How to Calculate Expected Value

Table of Contents

Any random variable has multiple outcomes, which represents by a certain value of possibility. Expect value gives us expected value on a particular event over the mean value of a large set of independent outcomes of the random variable. As we understand that the measures of a particular event over a specific instance tell us about the probability, whereas expected values tell us about the average outcome of a random variable.

What is Expected Value?

We know that the probability distribution is a set of random variables, and the mean of random variables is called the expected value. The expected value naturally refers to what anyone desired or expect if an experiment is repeated infinite times. Mathematically, it is the average of all the possible outcomes of a random experiment; it doesn’t mean the event with the highest probability is the expected value.

How to calculate the expected value: Expected value of a random variable can be calculated in the following ways with certain considerations: 

Let x is a discrete random variable and p(x) is the probability of random variable, mean is denoted by μ.

  1. Fundamental formula for expected value

 It is the sum of the probability of the random variable and the number of times the experiment happens:

Expected value, (μ)=xP(x)

Example: Considering a dice is rolled, so the probability of which number comes on its face?


Expected value,

 () = 1*(1/6) + 2*(1/6) + 3*(1/6) + 4*(1/6) + 5*(1/6) + 6*(1/6) = 3.5 

  1. Calculation of expected value for binomial random variables

It is the multiplication of the number of trials and probability of success event.

Example: A coin is tossed 5 times and the probability of getting a tail in each trial is 0.5.

So, Number of trials (X) = 5, and Probability of success event = 0.5.

Expected value = X*P(X) = 5 * 0.5 = 2.5

  1. Calculation of expected value for multiple events:

Consider a situation; you are an investor for 2 different companies (event). Both companies handle two projects simultaneously with different probabilities so that achieving success by different success values. 

Company 1 has two different strategies of probability 0.3 and 0.7 to achieve project value worth $3000 and $4000 respectively.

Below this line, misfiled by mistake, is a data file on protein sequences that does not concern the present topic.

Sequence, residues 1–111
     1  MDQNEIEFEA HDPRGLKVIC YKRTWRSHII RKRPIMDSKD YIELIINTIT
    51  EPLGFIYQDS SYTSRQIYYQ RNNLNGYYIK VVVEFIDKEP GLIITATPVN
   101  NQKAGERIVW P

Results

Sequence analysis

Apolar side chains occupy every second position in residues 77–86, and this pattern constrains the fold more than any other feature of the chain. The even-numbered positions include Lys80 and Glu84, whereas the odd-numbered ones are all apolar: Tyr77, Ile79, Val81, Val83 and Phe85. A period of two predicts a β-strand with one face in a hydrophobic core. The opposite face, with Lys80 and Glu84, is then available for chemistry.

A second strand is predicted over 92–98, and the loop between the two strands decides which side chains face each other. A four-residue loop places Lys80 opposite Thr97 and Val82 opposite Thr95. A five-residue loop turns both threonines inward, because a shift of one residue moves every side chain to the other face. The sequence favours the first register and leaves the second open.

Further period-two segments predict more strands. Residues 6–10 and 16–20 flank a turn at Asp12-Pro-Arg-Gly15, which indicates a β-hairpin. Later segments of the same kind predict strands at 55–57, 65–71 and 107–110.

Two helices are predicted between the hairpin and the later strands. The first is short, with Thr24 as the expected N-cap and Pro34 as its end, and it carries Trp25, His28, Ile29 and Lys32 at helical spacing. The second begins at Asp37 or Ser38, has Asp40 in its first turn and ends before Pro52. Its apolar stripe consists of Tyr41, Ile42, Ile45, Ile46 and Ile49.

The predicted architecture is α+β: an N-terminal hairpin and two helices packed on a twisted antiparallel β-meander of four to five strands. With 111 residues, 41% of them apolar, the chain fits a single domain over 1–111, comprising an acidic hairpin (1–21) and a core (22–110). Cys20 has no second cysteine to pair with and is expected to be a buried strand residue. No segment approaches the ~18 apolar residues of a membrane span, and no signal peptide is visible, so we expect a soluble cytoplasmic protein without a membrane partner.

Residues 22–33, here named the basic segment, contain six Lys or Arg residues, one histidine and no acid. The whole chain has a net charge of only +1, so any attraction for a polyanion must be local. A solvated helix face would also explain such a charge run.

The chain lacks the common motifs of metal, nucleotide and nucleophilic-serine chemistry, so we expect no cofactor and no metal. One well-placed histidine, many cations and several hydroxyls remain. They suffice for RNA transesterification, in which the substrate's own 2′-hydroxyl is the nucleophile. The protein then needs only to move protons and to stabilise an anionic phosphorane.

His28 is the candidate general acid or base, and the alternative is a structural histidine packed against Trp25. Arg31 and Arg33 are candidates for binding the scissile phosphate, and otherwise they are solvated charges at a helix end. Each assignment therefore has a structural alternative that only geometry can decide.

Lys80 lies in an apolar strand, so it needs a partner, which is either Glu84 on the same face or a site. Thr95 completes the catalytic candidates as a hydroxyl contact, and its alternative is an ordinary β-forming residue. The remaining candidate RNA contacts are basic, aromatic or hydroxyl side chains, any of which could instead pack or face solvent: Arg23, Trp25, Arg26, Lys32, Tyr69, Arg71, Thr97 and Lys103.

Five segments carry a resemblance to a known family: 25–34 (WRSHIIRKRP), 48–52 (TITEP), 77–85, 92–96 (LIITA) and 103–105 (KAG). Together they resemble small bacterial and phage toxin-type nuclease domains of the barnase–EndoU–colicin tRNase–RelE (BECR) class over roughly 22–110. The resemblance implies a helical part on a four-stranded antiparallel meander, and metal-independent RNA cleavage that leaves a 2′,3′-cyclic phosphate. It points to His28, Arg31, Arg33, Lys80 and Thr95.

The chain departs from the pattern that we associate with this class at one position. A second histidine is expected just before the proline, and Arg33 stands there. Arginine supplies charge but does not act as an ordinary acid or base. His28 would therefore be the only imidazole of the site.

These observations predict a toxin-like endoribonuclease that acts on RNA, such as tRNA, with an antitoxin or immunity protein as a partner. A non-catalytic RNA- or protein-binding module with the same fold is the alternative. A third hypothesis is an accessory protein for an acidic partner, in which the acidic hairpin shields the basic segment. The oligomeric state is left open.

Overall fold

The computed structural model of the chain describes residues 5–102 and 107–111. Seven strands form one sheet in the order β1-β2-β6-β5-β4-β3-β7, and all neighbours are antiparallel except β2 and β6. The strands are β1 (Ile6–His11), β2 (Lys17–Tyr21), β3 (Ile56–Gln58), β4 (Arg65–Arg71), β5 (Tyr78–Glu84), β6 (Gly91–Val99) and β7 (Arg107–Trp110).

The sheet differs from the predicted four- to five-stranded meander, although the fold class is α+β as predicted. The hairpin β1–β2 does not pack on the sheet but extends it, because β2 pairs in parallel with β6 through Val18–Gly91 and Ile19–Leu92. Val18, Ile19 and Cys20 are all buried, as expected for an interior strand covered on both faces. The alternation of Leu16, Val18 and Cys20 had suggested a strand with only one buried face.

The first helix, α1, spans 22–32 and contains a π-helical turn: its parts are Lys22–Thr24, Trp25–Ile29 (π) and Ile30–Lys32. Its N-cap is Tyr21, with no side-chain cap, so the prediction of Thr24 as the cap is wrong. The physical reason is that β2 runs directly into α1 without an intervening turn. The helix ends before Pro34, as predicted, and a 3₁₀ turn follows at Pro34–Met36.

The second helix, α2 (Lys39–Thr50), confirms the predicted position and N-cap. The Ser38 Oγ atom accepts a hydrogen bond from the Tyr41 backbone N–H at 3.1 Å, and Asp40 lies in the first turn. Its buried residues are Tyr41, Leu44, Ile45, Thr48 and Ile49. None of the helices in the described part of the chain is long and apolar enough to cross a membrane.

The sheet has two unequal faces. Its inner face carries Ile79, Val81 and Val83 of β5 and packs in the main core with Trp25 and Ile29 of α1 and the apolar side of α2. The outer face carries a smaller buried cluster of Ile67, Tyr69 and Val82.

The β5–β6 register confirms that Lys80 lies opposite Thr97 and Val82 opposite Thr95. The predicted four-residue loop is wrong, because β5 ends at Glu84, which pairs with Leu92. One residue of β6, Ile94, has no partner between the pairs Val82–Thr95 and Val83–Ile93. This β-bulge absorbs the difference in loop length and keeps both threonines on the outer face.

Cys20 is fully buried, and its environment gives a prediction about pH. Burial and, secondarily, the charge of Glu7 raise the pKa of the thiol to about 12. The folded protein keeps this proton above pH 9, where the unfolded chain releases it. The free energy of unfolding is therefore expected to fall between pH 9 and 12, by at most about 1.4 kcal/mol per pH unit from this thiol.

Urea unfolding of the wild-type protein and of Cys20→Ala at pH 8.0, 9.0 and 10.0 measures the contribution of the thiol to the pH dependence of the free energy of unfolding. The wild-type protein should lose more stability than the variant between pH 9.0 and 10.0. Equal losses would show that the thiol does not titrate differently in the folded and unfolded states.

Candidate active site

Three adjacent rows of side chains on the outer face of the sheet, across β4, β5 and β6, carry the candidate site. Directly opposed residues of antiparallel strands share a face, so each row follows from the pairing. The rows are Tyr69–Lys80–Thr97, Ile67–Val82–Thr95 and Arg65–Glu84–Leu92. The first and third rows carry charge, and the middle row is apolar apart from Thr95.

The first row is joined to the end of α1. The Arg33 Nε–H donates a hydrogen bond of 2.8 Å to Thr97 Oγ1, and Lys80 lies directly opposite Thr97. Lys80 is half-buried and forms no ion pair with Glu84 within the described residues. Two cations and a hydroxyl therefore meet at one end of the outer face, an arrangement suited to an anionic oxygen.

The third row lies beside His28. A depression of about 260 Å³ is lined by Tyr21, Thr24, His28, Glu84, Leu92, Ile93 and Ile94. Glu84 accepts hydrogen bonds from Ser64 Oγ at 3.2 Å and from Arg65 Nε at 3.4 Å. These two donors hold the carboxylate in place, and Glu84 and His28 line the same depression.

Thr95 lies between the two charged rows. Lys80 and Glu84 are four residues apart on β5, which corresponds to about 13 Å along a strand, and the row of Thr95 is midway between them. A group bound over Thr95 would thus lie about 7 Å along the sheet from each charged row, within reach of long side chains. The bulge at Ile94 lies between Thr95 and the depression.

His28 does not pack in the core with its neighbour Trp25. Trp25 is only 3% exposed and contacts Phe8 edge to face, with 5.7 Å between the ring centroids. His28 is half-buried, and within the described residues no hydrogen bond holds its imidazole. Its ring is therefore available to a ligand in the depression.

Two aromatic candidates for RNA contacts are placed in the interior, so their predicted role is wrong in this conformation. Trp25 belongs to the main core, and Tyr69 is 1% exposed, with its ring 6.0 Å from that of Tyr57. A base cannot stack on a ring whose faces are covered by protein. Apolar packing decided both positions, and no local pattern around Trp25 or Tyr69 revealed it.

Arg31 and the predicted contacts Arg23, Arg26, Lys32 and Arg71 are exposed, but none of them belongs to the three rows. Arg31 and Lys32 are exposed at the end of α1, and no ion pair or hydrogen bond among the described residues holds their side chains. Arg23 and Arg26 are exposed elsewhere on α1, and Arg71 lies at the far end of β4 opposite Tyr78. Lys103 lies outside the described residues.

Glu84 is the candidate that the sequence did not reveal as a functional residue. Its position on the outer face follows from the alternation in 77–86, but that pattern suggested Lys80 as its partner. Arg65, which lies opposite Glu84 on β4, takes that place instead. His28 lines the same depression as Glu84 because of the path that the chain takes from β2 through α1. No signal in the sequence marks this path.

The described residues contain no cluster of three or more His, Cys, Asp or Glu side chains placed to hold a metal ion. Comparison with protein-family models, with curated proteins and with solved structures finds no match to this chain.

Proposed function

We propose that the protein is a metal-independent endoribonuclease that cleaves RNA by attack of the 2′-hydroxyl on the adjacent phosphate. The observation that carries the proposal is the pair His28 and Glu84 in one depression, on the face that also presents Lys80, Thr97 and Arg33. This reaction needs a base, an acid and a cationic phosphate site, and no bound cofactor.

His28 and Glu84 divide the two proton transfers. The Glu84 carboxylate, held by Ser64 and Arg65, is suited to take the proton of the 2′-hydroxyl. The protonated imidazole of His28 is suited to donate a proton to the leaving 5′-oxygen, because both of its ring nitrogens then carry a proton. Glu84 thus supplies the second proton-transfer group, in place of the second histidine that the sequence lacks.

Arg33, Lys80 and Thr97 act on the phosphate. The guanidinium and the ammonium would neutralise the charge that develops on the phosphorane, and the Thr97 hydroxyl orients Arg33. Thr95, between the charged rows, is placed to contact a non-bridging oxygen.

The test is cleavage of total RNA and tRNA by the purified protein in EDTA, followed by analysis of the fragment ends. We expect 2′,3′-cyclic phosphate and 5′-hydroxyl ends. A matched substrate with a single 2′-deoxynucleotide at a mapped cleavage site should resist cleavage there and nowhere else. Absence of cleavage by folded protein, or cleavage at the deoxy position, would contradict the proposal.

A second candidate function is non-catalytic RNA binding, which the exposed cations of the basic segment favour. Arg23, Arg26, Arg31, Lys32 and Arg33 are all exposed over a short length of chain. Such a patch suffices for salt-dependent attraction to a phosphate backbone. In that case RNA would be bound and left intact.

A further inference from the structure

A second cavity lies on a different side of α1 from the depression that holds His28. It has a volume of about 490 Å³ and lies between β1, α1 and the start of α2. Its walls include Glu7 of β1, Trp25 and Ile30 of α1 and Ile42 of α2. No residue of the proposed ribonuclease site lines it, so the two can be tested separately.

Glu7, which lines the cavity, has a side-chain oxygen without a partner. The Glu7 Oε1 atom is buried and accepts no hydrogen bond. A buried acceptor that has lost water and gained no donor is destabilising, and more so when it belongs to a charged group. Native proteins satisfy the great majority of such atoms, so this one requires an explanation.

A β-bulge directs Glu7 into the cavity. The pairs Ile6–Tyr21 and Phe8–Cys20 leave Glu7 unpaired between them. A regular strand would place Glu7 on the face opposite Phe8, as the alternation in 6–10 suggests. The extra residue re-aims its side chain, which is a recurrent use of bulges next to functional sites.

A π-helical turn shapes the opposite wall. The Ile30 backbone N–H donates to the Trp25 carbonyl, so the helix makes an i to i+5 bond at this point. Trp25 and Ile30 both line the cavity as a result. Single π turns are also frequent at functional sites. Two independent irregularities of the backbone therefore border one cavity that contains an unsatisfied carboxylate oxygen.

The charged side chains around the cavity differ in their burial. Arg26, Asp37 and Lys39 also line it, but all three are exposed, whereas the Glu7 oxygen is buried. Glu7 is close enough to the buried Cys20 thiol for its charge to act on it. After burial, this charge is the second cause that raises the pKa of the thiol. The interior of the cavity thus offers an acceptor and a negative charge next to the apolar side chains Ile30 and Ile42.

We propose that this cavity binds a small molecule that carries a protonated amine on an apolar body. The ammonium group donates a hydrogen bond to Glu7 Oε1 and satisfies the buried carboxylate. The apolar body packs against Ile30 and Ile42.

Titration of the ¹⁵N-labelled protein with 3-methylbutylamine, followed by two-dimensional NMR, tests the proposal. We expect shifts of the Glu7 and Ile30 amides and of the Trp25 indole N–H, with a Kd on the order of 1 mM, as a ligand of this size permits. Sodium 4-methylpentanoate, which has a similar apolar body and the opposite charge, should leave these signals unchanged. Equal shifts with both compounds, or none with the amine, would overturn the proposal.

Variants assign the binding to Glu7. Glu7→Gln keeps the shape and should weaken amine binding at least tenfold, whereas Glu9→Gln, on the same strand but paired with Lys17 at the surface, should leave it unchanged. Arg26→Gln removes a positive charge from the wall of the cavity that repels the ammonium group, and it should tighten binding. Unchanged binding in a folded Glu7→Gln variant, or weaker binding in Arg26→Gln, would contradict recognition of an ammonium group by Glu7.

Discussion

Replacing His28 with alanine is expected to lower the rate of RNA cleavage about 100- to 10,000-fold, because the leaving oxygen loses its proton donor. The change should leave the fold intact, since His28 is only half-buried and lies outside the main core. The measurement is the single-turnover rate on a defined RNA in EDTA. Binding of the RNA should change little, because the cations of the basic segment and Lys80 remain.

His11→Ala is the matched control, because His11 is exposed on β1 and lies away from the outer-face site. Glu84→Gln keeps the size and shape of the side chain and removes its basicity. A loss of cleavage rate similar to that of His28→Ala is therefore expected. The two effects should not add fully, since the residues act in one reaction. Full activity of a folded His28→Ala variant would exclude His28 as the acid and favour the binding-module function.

Company 2 has two different strategies of probability 0.25 and 0.75 to achieve project value worth $3000 and $4000 respectively. 

For such scenario, the expected values are as follows:

Expected value for company 1 = 0.3*$3000 + 0.7*$4000 = $3700;

Expected value for company 2 = 0.25*$3000 + 0.75*$4000 = $3750;

Since, EV (Company 2) > EV (Company 1) 

 $3750 > $3700

With the expected value, we can say that Company B has a better strategy than company A.

  1. Calculation of expected value for a continuous random variable: If possible values consist of either a particular interval on the number line or a combination of disjoint intervals. The expected value of the continuous random variable is the average of a random variable. Where probability density function is defines the area under the function or curve.

Mathematically: A continuous function f(a) is varies from minus infinity to plus infinity and a is the random variable.

Expected value, Ea=-∞+∞a.fa.da

  1. Calculation of expected value for an Arbitrary Function: Expected value for an arbitrary function is quite similar to the continuous random variable with certain consideration that is the event is represented by a function f(a) of a random variable g(a) instead of only a.

Simply: a random variable a is replaced by random variable g(a).

Expected value, E[g(a)] = -∞+∞a.fa.da

The expected value has an essential role, especially in statistics and decision theory. An unbiased estimated value of the calculation is exactly equal to the desired parameter value. On the other hand, in decision theory, it is the exact choice of uncertainty. Simply, we can say the expected value of an independent random variable, is the precise value of the arithmetic mean of the result. Also, we have calculated the expected value in the different statistics scenario probability distribution function.

Daily life problem

The price of shooting a target is $5, there are 50 different targets are in the wall. If you successfully hit the target you will get the price of $100 for a particular target out of 50. If you miss the target you will lose the $5 for a chance. What is the expected value for such a scenario? 

OutcomePrice moneyProbability
Hit the target+$1001/50
Miss the target-$549/50

Expected Value = Price money * Probability (Hit the target) 

   + Price money * Probability (Miss the target);

Expected Value = $100(1/50) – $5(49/50) = $2 – $4.9 = -$2.9

Surface-enhanced Raman spectroscopy

Surface-enhanced Raman spectroscopy gives the same information as normal Raman spectroscopy but with a significantly enhanced signal. It is also referred to as surface-enhanced Raman

Read More »

Mössbauer Spectroscopy

In 1958, a German physicist, Rudolf Mossbauer, invented Mossbauer spectroscopy. It is a versatile technique that provides sensitive information about the structural, magnetic, chemical and

Read More »

Energy dispersive spectroscopy (EDS)

Energy dispersive spectroscopy (EDS) is an interesting analytical spectroscopic technique. It is mainly used to characterize and find the relative abundance of different chemical elements

Read More »

Spectrometry vs Spectroscopy

Spectroscopy is regarded as a theoretical science, while spectrometry is considered a practical measurement. Both are differently related to the interactions between matter and light.

Read More »

Astronomical spectroscopy

Isn’t it fascinating that scientists are using astronomical spectroscopy to determine the age of the Universe? How astronomical spectroscopy makes discovering the dark corners of

Read More »